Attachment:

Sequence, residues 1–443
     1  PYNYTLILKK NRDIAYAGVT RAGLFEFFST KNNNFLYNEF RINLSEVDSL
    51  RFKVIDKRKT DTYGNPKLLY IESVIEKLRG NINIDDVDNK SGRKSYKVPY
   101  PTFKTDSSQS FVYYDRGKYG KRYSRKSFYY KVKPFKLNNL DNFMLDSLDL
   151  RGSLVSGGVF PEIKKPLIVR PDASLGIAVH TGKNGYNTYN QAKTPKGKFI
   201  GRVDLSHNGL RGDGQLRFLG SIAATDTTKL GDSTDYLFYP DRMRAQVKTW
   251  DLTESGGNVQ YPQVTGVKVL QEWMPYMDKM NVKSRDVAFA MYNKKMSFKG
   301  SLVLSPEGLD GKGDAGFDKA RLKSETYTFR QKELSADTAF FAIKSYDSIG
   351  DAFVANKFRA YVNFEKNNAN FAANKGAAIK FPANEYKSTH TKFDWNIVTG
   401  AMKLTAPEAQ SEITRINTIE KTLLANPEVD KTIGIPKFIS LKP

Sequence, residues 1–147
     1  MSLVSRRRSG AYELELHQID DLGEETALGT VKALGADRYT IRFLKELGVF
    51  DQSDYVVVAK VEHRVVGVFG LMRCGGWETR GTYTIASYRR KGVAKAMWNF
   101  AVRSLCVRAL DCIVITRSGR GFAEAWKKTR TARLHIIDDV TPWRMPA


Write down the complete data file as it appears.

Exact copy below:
Sequence, residues 1–443
     1  PYNYTLILKK NRDIAYAGVT RAGLFEFFST KNNNFLYNEF RINLSEVDSL
    51  RFKVIDKRKT DTYGNPKLLY IESVIEKLRG NINIDDVDNK SGRKSYKVPY
   101  PTFKTDSSQS FVYYDRGKYG KRYSRKSFYY KVKPFKLNNL DNFMLDSLDL
   151  RGSLVSGGVF PEIKKPLIVR PDASLGIAVH TGKNGYNTYN QAKTPKGKFI
   201  GRVDLSHNGL RGDGQLRFLG SIAATDTTKL GDSTDYLFYP DRMRAQVKTW
   251  DLTESGGNVQ YPQVTGVKVL QEWMPYMDKM NVKSRDVAFA MYNKKMSFKG
   301  SLVLSPEGLD GKGDAGFDKA RLKSETYTFR QKELSADTAF FAIKSYDSIG
   351  DAFVANKFRA YVNFEKNNAN FAANKGAAIK FPANEYKSTH TKFDWNIVTG
   401  AMKLTAPEAQ SEITRINTIE KTLLANPEVD KTIGIPKFIS LKP

Sequence, residues 1–147
     1  MSLVSRRRSG AYELELHQID DLGEETALGT VKALGADRYT IRFLKELGVF
    51  DQSDYVVVAK VEHRVVGVFG LMRCGGWETR GTYTIASYRR KGVAKAMWNF
   101  AVRSLCVRAL DCIVITRSGR GFAEAWKKTR TARLHIIDDV TPWRMPA